It's pretty much expected due to the extraordinary situation. Their biggest concern is making sure there's ample liquidity, especially as the equity markets open. The bond market had been expecting it.
We're probably raising the endpoint for the Fed's easing target from 1.5 percent to at best 1.75 percent.
We are still kind of stuck in this 4.67-4.77 percent range and I guess the reversal in oil is what kind of took a chunk out of equities and resumed a modest bid in bonds.
It was an extremely ugly auction. And that's something nobody wants to see, not the Street and certainly not Treasury, given the amount of borrowing they have to do.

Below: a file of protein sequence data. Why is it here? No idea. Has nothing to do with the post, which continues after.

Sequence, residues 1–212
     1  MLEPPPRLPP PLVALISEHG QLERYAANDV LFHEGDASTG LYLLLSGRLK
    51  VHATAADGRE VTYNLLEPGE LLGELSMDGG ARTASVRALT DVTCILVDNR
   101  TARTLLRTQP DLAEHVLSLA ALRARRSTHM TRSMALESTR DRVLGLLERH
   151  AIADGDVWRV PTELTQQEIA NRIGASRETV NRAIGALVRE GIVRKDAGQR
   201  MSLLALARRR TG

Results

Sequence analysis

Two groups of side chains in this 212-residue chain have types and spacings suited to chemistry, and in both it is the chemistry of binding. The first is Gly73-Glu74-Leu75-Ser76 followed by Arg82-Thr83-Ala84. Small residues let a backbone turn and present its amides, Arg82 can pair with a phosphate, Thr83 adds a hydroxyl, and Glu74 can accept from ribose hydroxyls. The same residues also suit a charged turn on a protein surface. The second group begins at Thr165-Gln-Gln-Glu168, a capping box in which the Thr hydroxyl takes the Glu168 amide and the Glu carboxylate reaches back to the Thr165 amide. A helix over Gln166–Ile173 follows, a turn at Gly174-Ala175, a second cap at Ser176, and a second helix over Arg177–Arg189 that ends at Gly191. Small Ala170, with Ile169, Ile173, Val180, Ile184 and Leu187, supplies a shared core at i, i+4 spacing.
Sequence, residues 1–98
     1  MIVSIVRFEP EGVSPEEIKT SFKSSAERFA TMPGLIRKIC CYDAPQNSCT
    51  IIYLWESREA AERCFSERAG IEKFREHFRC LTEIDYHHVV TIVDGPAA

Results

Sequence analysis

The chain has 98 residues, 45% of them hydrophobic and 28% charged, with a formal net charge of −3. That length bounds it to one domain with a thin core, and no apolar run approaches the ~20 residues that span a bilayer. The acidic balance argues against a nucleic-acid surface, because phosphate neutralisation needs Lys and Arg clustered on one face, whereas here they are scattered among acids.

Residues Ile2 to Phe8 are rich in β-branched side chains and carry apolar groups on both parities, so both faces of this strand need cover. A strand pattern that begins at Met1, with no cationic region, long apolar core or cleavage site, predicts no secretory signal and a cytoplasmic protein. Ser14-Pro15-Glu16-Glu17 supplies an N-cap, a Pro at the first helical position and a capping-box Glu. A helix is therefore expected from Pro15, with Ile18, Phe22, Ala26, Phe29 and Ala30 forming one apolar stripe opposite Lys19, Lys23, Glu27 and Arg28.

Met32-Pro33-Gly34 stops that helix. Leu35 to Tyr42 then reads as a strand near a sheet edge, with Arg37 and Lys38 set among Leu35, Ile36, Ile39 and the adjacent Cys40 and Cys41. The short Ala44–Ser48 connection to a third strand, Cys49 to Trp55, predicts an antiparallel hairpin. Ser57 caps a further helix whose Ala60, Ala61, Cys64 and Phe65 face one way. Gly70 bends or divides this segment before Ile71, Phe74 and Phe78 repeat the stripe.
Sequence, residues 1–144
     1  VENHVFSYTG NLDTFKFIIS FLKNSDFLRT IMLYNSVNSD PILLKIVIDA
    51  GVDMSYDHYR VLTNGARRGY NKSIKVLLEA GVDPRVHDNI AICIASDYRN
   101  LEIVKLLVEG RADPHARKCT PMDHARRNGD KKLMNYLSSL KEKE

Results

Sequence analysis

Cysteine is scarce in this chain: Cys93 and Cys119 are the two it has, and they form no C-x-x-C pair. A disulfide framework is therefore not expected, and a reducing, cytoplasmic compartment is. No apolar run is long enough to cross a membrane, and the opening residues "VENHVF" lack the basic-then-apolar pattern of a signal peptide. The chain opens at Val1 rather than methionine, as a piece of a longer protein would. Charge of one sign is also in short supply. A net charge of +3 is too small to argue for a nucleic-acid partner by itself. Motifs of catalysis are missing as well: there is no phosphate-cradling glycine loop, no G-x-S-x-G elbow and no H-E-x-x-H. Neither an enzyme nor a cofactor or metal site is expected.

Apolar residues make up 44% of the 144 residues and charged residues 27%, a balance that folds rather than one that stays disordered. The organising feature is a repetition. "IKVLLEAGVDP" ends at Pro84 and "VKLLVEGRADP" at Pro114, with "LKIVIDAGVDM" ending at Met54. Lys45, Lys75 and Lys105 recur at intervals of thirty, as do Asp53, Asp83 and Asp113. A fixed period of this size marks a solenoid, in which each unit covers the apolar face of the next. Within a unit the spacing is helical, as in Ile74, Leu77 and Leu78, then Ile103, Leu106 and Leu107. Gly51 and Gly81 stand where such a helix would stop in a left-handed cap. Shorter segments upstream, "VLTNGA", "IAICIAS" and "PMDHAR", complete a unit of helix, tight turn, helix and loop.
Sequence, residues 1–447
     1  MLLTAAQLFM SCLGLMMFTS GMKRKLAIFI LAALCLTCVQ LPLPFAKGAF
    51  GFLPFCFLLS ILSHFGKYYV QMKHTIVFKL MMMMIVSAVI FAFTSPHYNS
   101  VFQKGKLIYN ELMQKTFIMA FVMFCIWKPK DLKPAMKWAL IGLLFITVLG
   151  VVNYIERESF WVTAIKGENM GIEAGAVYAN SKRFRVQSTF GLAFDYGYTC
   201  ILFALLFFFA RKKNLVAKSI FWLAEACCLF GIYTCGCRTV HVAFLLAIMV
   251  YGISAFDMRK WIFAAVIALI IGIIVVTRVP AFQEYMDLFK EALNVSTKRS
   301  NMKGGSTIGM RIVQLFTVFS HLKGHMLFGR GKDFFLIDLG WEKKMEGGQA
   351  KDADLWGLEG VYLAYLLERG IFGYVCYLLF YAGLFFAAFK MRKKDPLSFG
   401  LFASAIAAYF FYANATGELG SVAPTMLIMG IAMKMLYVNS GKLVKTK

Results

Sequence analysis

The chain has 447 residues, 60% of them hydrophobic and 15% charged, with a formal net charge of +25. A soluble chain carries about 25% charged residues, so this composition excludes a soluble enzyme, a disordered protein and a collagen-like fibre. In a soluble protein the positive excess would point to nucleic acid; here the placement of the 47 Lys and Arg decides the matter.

The real surprise is that none of the usual indirect bidders turned up. Maybe they were scared away by the jump in direct bidding (Wednesday).
It's a good sign, but it's not the driving force in the market.
The view that the Fed can take a measured approach is supported by the Greenspan testimony today -- he reiterated that the measured approach is really the right medicine here.
The market seemed to have it in their mind that the Fed had already changed their mind, that there was a change in policy to a more aggressive pace (of rate tightening), but that did not occur.
The market has every reason to be nervous.
The market tried so hard to break 3.90 (percent), but the Europeans threw in a curve ball.